But he didn’t say that.

No, here is where he veered dramatically from the Franklin Delano Roosevelt playbook. Here is where the politics of blame won out. Maybe he didn’t even think of this foray into cooperation of an inter-corporate nature, which is scary because he’s the president. Surely he’s smart enough to think of something along the lines of people, corporations, unions, and the government working together. Maybe not.
…or maybe he is smart enough to think of it…
…and he just didn’t say it.

Blame someone. Blame Bush. Blame Wall Street. Blame Big Oil Industries.
The sad thing about that is this: Despite the bad rap, the oil industry in the United States is one of the most historic, technologically advancing, job creating industries in our nation. Barack Obama is sticking to his script, ‘blame’. Instead of taking the approach of, “Let’s work together. Let’s build a Victory Garden in the Gulf Sea,” blame plays well to his constituency, and scapegoating has always worked historically, though it tends to victimize many people, groups and industries that happened to be in the wrong place at the wrong time. The scapegoating of convenient fall-guys in pre-World War II economically crushed Germany began with a scapegoating of the banking industry. With an industry we need, an industry that supplies and creates massive amounts of jobs the scapegoating is not a path to true victory over calamity.

There is nothing to fear, but big American Business.
President Obama has chosen to make the quintessential villain an American industry, and one member of that industry in particular, BP PLC, stating that BP is going to bear ultimate responsibility,
“BP is responsible for this leak. BP will be paying the bill,”

What’s interesting is that BP doesn’t even own the rig that blew up. TransOcean Ltd, a Dutch Company, and the largest drilling Company in the World for deepwater drills owns the DeepWater Horizon.*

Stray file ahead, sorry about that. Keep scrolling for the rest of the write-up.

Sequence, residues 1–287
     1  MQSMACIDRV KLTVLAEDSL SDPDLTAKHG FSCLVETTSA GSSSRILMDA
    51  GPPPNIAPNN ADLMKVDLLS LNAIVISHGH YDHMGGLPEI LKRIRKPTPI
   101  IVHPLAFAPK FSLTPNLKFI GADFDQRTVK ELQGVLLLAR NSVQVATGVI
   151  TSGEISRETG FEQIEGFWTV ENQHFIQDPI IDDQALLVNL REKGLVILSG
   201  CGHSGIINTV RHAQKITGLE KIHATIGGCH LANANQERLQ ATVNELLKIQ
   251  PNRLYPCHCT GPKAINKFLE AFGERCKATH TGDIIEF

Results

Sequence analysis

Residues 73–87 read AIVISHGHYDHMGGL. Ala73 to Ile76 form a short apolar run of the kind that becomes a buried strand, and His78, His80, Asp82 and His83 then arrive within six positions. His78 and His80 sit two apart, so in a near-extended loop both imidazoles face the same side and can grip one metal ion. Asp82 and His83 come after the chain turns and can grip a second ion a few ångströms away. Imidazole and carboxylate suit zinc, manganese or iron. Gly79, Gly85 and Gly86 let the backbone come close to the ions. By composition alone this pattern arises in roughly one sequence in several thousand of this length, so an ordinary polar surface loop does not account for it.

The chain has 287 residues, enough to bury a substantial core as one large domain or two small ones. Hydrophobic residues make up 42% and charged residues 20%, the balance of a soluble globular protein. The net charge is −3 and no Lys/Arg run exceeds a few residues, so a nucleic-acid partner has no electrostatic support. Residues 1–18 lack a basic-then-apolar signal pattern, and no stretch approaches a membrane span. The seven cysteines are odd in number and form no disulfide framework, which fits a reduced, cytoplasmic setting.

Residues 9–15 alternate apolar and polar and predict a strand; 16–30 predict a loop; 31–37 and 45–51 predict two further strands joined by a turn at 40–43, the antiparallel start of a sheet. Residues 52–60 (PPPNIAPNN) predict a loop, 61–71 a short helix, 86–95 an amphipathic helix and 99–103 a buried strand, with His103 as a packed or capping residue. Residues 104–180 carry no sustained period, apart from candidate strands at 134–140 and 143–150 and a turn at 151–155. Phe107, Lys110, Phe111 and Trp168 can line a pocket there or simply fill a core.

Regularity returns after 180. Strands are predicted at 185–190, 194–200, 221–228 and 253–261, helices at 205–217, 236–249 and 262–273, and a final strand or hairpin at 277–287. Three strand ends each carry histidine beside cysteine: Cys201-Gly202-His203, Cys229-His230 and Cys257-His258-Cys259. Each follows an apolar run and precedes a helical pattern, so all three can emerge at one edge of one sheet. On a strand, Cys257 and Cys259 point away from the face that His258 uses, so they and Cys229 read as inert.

We need the oil industry for more than just jobs. We need them for more than just clean-up of the Gulf Spill. We need them for advancements in materials used in the medical industry. We need them for advancements in cleanup operations that will ultimately help eliminate other forms of contamination of the environment. We need them because of the incredible amount of research they do on the inter-related mechanisms for the sustainability of our planet. We need them because they are they only organizations large enough, equipped and with enough savvy to finally help us glide into a solar, wind, natural gas and yet-unimagined future. We need them because they do funnel considerable money into the tax coffers through a wide range of input not limited to the salaries of the individuals working for the companies; this would be particularly true of the American based corporations like Exxon Mobil. The tax write-offs alone of the oil companies and their affiliates have resulted in the construction of research facilities, the provision of scholarships, and the advancement of institutions of higher learning. We certainly don’t need to destroy them.

*see the WallStreet Journal May 03, 2010 Rig Owner Under Scrutiny by Rebecca Smith

-Copyright May 07 2010 by Juan Zapatero